There’s an old, clichéd saying that I’m sure you’ve heard before: “Take nothing but pictures, leave nothing but footprints.” Not only is it remarkably cheesy, it’s totally impossible. In this day and age, we all leave more than footprints.
Wherever we travel, we leave a trace. We leave a piece of ourselves.
It could be something small, like leaving your favorite shirt in a hostel dorm, where it’s inherited by a fellow traveler and becomes the centerpiece of another four months of travel selfies. Or it could be something more profound, like the friendship you shared with a local; perhaps a junior monk at a Nepalese monastery, a Fijian seafood chef, or the family you met on an overnight train journey.
It could also be something that leaves you much more vulnerable.
How Wide Does Your Digital Footprint Spread?
Digital footprint. Identity theft. They’re buzzwords surrounded by (what seems like) hype, but in all honesty, they do mean something. I have a friend whose identity gets stolen every year.
I know, you don’t have to tell me. ::rolls eyes::
When you use the internet, you leave traces of your personal information all over the web. Just by visiting a website or submitting a form, you’re transmitting small bits of personal information to someone else. Most of the time that information is harmless, used only to help curate our online experience and to make browsing the web a more pleasant and relevant experience.
But when you travel, and when you use unknown WiFi connections around the world, you don’t really know how, or to whom, your personal information is being submitted.
And that’s the problem.
A couple years ago I checked my computer after a month in Thailand—it had saved over 100 connections in my preferred networks: airports, hostels, cafes, cyber cafes, some place called WOMBATS (can’t remember that one!), and something named hound95132. Who knows?
The reality is that all these connections aren’t 100% secure. As a former IT technician, I can tell you that some wireless encryptions are very easily hacked, which means the risk is magnified even further when you’re traveling in developing countries.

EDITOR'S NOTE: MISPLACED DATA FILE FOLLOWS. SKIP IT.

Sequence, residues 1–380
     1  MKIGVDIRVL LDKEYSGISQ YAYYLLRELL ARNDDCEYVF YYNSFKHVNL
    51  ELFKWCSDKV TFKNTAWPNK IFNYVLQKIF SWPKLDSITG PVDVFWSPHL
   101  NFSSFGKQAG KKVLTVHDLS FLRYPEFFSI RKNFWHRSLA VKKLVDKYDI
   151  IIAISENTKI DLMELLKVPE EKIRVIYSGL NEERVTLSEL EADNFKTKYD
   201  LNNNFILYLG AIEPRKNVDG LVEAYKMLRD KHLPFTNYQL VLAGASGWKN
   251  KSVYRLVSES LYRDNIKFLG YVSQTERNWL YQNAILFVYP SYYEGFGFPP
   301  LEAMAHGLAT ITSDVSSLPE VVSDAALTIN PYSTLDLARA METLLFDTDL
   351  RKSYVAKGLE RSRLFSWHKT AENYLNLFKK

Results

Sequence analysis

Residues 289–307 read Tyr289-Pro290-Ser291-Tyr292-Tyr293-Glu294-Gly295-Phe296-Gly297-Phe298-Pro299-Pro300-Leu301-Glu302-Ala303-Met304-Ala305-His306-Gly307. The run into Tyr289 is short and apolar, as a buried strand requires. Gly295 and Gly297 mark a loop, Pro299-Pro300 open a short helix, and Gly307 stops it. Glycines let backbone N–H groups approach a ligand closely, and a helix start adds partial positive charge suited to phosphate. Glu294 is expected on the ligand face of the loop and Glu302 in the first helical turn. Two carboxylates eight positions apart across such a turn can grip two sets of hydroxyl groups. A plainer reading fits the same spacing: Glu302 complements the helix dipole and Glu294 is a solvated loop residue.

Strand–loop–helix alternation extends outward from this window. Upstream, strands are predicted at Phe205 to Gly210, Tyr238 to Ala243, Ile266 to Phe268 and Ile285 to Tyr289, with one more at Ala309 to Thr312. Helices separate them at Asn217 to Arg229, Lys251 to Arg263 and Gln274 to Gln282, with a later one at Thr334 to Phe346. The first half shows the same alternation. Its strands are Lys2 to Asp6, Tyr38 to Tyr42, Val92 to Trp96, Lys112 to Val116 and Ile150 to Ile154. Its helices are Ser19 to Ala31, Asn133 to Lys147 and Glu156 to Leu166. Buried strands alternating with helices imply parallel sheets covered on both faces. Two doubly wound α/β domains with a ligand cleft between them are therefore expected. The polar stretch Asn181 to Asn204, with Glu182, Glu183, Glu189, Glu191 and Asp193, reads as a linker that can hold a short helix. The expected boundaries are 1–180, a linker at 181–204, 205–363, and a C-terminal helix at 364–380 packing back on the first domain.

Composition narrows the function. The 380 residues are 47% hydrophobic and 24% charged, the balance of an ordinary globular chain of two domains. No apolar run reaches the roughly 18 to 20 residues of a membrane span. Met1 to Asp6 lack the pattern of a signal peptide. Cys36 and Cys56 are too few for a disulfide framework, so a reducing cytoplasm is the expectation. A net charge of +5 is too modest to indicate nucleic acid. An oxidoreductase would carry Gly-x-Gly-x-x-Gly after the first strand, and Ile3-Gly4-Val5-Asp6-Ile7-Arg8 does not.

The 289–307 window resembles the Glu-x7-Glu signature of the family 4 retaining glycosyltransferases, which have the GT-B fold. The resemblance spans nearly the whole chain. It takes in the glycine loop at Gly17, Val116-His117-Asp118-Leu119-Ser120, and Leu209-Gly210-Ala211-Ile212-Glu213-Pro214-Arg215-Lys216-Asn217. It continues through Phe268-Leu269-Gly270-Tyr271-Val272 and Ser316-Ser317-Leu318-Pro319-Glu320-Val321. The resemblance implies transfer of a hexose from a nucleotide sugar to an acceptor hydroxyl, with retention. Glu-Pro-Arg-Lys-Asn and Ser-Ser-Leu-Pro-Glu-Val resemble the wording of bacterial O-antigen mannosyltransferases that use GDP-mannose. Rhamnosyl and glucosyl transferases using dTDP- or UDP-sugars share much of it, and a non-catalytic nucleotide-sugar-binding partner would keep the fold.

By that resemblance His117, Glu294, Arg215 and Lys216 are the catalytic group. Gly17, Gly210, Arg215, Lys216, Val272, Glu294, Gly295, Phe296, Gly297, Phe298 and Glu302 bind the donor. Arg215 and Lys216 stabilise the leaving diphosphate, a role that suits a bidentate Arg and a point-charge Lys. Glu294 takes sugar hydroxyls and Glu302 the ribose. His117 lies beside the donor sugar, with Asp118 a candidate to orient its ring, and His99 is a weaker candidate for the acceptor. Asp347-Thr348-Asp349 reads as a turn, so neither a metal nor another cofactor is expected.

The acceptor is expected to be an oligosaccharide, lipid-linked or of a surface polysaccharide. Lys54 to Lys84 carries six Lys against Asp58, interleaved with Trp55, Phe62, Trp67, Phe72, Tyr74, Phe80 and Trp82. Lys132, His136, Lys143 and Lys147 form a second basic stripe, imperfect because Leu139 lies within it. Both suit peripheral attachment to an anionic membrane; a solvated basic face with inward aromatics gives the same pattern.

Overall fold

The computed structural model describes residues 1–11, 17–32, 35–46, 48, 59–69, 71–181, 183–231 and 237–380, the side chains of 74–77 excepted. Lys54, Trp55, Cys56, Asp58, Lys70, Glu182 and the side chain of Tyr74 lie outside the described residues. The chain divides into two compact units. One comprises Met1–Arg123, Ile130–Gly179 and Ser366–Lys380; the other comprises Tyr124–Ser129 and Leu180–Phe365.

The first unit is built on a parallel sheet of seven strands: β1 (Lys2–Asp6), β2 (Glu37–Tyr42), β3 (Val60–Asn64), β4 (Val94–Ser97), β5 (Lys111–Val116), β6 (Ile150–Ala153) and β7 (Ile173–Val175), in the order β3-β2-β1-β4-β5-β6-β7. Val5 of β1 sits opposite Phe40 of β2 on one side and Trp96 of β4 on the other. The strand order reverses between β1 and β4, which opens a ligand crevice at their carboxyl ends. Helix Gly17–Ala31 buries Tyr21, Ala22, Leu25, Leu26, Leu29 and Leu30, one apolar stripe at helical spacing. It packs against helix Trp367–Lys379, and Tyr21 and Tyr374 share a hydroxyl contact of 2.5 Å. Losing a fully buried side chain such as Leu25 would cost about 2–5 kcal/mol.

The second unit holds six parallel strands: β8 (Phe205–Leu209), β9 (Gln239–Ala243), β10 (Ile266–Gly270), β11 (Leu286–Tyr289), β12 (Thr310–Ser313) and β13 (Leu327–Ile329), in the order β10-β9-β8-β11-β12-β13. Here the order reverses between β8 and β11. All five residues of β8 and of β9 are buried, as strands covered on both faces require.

Every time you use a new connection, you’re opening yourself up to threats and making sensitive information about yourself available.
The Challenge of Cybersecurity When Traveling
When you’re traveling, you need the internet. You don’t need to post a hundred photos of your trip on social media, but you do need to do research, stay in touch with friends and family, get a visa, read my blog, and research cheap flights and accommodation (see what I did there?).
When you’re on a small Southeast Asian island, you’ll take any connection you can get. Is it realistic to visit five Thai cafes before finding one with a suitably secure connection, just so you can double check your flight times?
In reality, you don’t have a choice of internet connection. If anything, you just want the one that’s fast.
At home, we use trusted networks. On the road, we’re forced to trust the unknown (sometimes, good—in this case, bad). If it’s a bizarre street food or an unusual local custom, I’m all for it, but when it’s my credit card information? Yeah, no.
Blink if you’ve ever entered your credit card information in a coffee shop (I saw that!).
Best Practices for Cybersecurity On the Road
You know that song by Bobby McFerrin, “Don’t Worry, Be Happy?”
It’s a well-meaning travel mantra, too. Don’t worry, be happy…until your credit card is being used to purchase diamonds from Nigeria, or someone on the other side of the world is threatening to spam your entire address book with naked photos of you for ransom. No word of a lie, that happened to my other friend (sorry, Nic).